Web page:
Published: 05.08.2015 | Author: Stein Byrkjeland
CONTROVERSIAL POWER LINES
When the terminal at Kollsnes in Øygarden was going to be extended in the 1990s, environmental organisations, the local community and politicians demanded that a 300 Kw power line from Bergen be laid underground. It was clear that a new overground cable over this open landscape would be quite disfiguring.
The suggestion was daring. An underground cable over such a long distance and with such high voltage was not common in Norway. It would also be more expensive than an above-ground cable. After a long battle with the developers, the conflict ended with a compromise: above-ground cable in Bergen and most of Fjell, underground cable over Misje and most of Øygarden.
With its high standard of living, scattered settlement, and large distance between the consumers and their power supply, there have been many power lines in Norway. How much of a health risk the emissions from these power lines in fact pose to humans, is a controversial topic, but it cannot possibly confer a heath advantage to have several hundred kilo-volts right overhead.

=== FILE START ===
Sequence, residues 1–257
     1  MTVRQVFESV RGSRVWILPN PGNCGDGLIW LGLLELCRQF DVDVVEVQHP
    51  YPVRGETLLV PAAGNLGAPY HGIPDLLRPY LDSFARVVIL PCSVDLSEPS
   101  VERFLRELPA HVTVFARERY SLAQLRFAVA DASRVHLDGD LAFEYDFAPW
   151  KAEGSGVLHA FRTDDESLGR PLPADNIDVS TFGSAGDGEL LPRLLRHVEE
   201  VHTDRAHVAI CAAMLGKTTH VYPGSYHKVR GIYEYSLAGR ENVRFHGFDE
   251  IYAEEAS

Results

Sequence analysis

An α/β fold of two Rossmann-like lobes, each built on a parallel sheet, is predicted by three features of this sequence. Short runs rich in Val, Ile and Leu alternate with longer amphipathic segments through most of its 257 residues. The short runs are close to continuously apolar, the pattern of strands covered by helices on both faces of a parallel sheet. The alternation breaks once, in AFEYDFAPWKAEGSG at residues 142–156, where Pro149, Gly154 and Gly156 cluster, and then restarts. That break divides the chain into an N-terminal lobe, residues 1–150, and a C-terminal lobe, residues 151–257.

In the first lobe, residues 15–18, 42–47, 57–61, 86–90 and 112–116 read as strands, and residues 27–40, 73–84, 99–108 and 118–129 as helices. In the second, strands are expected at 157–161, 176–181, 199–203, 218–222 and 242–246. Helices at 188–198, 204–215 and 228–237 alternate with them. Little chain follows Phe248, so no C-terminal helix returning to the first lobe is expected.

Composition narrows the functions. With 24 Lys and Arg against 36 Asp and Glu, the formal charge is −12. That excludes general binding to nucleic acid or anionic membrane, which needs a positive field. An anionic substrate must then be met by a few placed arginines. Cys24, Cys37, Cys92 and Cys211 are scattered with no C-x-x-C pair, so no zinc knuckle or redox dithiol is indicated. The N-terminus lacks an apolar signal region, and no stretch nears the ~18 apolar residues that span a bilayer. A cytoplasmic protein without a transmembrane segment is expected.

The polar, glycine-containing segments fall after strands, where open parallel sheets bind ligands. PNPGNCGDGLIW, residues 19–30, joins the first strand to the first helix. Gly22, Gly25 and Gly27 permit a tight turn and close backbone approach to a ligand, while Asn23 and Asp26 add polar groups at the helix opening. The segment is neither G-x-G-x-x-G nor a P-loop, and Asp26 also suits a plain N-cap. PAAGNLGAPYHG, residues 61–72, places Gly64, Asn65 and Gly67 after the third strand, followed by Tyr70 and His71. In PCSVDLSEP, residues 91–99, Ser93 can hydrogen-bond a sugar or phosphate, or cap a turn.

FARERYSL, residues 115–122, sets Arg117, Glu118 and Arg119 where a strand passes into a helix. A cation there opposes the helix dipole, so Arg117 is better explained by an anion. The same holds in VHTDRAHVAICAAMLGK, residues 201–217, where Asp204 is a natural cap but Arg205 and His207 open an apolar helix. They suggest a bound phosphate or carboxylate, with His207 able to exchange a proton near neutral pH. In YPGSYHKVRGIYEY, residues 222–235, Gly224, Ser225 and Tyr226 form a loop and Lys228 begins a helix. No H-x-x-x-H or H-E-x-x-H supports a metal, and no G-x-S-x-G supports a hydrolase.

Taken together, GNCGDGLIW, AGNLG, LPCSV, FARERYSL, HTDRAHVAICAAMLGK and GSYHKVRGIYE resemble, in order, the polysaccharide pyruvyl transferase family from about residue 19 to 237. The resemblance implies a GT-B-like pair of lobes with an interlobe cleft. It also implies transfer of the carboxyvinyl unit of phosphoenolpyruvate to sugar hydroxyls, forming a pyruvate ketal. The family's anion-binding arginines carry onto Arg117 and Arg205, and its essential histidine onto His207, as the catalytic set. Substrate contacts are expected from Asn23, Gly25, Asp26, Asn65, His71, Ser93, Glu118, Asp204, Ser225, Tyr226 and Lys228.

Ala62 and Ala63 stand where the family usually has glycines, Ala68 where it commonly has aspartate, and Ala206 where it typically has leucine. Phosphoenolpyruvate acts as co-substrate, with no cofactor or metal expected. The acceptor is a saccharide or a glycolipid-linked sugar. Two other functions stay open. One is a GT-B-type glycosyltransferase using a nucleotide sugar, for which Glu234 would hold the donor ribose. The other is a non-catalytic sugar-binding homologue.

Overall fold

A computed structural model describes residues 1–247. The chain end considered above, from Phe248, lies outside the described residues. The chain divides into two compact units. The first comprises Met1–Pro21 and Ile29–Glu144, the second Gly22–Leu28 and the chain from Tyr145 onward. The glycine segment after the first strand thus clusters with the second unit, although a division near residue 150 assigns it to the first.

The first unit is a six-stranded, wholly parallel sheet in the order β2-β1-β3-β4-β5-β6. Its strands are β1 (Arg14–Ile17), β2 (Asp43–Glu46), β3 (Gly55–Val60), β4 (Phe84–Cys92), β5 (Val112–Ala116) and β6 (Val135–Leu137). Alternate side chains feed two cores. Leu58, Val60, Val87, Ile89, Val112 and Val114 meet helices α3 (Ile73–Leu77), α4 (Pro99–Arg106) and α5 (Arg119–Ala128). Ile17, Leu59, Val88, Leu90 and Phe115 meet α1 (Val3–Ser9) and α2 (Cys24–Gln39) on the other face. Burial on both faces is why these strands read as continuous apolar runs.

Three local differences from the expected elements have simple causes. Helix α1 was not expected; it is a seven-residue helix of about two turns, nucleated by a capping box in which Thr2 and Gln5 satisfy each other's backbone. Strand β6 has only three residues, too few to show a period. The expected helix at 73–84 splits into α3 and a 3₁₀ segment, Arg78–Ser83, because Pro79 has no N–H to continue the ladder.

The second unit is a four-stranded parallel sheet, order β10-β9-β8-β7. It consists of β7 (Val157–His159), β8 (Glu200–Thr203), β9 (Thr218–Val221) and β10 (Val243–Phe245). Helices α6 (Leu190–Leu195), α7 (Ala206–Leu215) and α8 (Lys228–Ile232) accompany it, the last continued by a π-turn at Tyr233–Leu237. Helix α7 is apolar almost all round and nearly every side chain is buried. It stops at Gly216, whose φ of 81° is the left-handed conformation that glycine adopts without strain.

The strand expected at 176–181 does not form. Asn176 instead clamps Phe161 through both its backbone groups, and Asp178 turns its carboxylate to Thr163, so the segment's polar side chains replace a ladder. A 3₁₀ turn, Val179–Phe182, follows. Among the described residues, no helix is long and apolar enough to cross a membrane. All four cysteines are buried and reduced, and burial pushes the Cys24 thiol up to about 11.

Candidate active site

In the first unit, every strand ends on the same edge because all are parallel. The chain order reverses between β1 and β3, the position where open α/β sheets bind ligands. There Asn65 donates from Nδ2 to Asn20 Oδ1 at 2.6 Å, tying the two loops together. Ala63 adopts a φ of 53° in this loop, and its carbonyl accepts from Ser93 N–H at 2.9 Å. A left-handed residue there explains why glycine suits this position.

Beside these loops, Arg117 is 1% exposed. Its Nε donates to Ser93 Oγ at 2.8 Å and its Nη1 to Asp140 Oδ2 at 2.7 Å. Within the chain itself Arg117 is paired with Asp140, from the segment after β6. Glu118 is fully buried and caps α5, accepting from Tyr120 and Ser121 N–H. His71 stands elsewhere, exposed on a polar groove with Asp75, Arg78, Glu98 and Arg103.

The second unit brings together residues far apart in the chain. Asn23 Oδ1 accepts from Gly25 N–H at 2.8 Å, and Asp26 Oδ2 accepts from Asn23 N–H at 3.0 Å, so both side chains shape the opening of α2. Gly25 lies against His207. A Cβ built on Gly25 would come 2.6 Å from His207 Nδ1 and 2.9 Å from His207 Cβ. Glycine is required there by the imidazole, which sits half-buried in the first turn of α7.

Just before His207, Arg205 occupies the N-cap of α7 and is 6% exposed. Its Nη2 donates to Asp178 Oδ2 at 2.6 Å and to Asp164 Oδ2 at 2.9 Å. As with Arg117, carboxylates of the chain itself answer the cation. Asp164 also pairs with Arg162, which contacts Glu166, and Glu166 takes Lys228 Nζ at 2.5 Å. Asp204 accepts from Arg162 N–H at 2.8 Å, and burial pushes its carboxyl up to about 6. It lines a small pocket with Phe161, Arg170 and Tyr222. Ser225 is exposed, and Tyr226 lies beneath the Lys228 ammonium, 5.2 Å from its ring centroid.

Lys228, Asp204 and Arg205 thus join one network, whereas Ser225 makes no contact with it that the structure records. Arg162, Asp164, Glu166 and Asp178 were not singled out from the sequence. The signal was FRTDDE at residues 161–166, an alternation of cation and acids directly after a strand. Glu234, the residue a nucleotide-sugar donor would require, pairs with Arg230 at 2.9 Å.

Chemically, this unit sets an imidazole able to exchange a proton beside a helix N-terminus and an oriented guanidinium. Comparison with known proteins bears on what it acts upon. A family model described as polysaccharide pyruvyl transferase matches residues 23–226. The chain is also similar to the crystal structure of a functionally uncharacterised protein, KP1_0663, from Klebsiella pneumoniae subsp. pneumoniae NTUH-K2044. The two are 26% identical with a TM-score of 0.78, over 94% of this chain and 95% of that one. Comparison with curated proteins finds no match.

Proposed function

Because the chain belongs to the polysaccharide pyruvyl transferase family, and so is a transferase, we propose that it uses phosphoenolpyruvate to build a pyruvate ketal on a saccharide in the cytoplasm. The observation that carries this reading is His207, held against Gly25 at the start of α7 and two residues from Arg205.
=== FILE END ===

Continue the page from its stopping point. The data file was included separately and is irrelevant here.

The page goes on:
The uncertainty is of course not easy to live with, either. The birds have another problem: the lines right across their main migration routes is especially dangerous for the bigger, heavier birds, who have difficulty changing their flight direction quickly. Each year, several million birds are lost in Norway through collisions with power lines. One vulnerable species is the Horned Owl, but for this bird it is the smaller power lines that are the most dangerous. In Fjell, there is still a vital population of hornes owls, but only where there aren't power lines.